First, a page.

The Faculty of Arts and Sciences (FAS) and disease-fighting researchers across Harvard are the recipients of Jerry and Darlene Jordan’s recent $10 million gift to the University. The gift is just the latest expression of the Jordans’ generosity: Over the years, Jerry ’61, M.B.A. ’67, and Darlene Jordan have funded financial aid, athletics, and other programs at Harvard College and the Business School.Five million dollars of their gift is designated for the Faculty of Arts and Sciences to help strengthen FAS programs, as well as enrich student life at the College.
“Jerry and Darlene’s gifts have a profound ripple effect,” says William C. Kirby, dean of the FAS and Edith and Benjamin Geisinger Professor of History. “They empower others to achieve in ways that instigate change and learning in wider and wider circles – beyond Harvard, and well into the world. I especially want to thank Jerry for his ongoing leadership and counsel; he continues to help those of us in the FAS meet ambitious goals and make changes at Harvard that have great impact.”
An additional $5 million will further Harvard’s work in the sciences. Specifically, the gift will support the Harvard Stem Cell Institute (HSCI), where scientists are conducting research to develop treatments and cures for diseases that affect millions of people, such as Parkinson’s and diabetes. A significant portion of the Jordans’ gift to science will endow a professorship in stem cell research at Harvard Medical School (HMS) and Massachusetts General Hospital (MGH).
“We deeply appreciate the Jordans’ generosity,” says Joseph B. Martin, Caroline Shields Walker Professor of Neurobiology and Clinical Neuroscience and dean of the Faculty of Medicine at HMS. “By establishing the Gerald and Darlene Jordan Professorship in Medicine at HMS and MGH, they have made a permanent commitment to advancing the life sciences. Stem cell research is, and will be, increasingly important in our understanding of disease and its treatment.”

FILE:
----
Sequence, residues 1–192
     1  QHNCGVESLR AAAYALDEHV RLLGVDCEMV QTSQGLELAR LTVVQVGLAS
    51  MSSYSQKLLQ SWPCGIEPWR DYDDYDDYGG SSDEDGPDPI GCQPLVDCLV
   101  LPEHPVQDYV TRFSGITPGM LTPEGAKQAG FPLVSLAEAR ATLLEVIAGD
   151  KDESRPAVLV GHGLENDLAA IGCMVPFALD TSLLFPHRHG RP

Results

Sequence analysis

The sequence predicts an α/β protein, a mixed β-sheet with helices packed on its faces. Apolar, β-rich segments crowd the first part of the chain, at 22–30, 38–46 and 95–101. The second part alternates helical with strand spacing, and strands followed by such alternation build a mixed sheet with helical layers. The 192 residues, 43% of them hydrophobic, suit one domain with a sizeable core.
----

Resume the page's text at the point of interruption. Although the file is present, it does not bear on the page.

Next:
MGH President Peter Slavin agrees. “I am extremely grateful to Jerry and Darlene for recognizing the importance of stem cell research and the promise we hope it will bring to people with cancer, neurological diseases, and other illnesses. The Jordans clearly recognize that private philanthropy is critical to moving biomedical research ahead as quickly as possible.”
“Harvard has a long tradition in science and medicine, and we have the opportunity today to build on that and put Harvard at the heart of the most cutting-edge work in the life sciences,” says Jerry Jordan. He was inspired, he says, by President Lawrence H. Summers’ idea that Harvard may help establish Boston as the center of life sciences innovation in the 21st century, much as Florence was the 15th century nexus of the arts and high culture.
The Jordans believe that Harvard’s Allston initiative presents a superb opportunity to expand the University’s work in science, and their investment is a vote of confidence in Harvard’s vision.
“Darlene and I feel strongly that our gift will accelerate the research that can positively impact lives in the future,” Jerry Jordan notes. “We are also grateful to have David Scadden and Doug Melton as the co-directors of HSCI, two remarkable individuals who are at the vanguard of stem cell research.”
Douglas Melton, Thomas Dudley Cabot Professor of the Natural Sciences in the FAS and co-director of the HSCI, thinks that the Jordans’ vision helps to establish important links between institutions. “By creating a professorship for pioneering stem cell research, the very generous gift from Jerry and Darlene strengthens the ties between HSCI and MGH.”
The Jordans have supported Harvard for many years and in many areas – establishing the Gerald Jordan Family Scholarship Fund, funding FAS athletics and Jordan Field, and supporting Harvard Business School. Darlene Jordan is a member of the University Committee on Student Excellence and Opportunity and the Harvard Business School Board of Dean’s Advisers. Jerry Jordan is an Overseer of Harvard University and a member of the President’s Advisory Committee on Allston, the FAS Dean’s Council, the Harvard Business School Board of Dean’s Advisers, and the Visiting Committee on Harvard Athletics. He is also a co-chair of the FAS Boston Major Gifts Committee and a director of the MGH President’s Council.